Most people have heard of melanoma, which is more commonly referred to as skin cancer. But did you know that melanoma is also the most common cancer of the eye?
There are many types of cancers that can affect the eye and they are broken down into two types: primary eye cancer and secondary eye cancer. Primary eye cancer, or cancer that starts in the eye, is an uncommon disease. In fact, less than 3500 adults in the United States are diagnosed each year with this type of cancer. Secondary eye cancer, which occurs when cancer spreads to the eye from another part of the body, is more common.
As one might imagine, the side effects of eye cancer can be life altering. Even small melanomas can impair vision and cause issues in peripheral eyesight. Growing melanomas can cause glaucoma, or growing pressure within the eye, which is accompanied by pain and blurry vision. Large melanomas can tragically cause total vision loss.
Thankfully, a powerful duo of National Foundation for Cancer Research (NFCR)-funded experts has set out on a mission to uncover ways in which a patient’s sight can be restored.
Jean Bennett, Ph.D., M.D., is the F.M. Kirby Professor of Ophthalmology at the Perelman School of Medicine at the University of Pennsylvania. As a world leader and pioneering physician-scientist in the field of retinal (eye) gene therapy, Dr. Bennett has developed the first FDA-approved gene therapy for a rare genetic disease that causes blindness in children. This extraordinary accomplishment has paved the way for further advancements in its approach to treat other eye diseases and other genetic diseases.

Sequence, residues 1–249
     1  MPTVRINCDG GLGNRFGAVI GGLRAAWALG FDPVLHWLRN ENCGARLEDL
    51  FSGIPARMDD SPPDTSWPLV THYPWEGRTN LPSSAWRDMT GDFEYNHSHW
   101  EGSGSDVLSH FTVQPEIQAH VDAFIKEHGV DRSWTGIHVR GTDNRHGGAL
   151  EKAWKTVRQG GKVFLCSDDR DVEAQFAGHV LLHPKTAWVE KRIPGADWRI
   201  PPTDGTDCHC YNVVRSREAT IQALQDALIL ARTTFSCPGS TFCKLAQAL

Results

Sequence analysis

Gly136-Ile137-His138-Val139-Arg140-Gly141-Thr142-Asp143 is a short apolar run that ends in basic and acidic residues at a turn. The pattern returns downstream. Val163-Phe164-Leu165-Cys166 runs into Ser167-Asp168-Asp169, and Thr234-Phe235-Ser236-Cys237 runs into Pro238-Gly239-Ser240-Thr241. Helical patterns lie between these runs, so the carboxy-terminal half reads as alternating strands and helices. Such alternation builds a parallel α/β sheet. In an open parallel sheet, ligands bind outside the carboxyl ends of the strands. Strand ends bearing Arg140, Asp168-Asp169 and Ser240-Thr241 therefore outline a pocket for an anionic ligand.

Katherine Uyhazi, Ph.D., M.D. is an ophthalmologist at the University of Pennsylvania’s Scheie Eye Institute specializing in retinal diseases. Her research focuses on gene and cell replacement therapies in retinal diseases.
With NFCR support, Drs. Bennett and Uyhazi are collaborating to develop gene and cell replacement therapy in cancer associated retinopathy (CAR), a retinal disease that may occur in patients with various types of cancer. CAR is a rare but tragic syndrome that can lead to permanent vision loss. CAR is most commonly associated with small cell lung cancer, and has also been identified in patients with breast, lung, gynecologic, colon, pancreatic and prostate cancer. Similar forms of retinal degeneration are associated with melanoma (melanoma associated retinopathy; MAR). Together, this powerful duo is on track to help eye cancer patients as well as patients of other eye-related diseases.
Drs. Bennett and Uyhazi are two powerful examples of pioneering women in science and business. NFCR is proud to support their work as well as the work of women driving game-changing discoveries in the world of cancer, including the 2020 finalists of the AIM-HI Women’s Venture Competition. This first-of-its-kind initiative combines extensive opportunities for coaching, networking and financial resources exclusively to female-created and managed oncology start-ups.
Additional Reads You May Enjoy:
Stay connected with us! Receive our monthly e-newsletter and blogs featuring stories of inspiration, support resources, cancer prevention tips and more. Sign up here.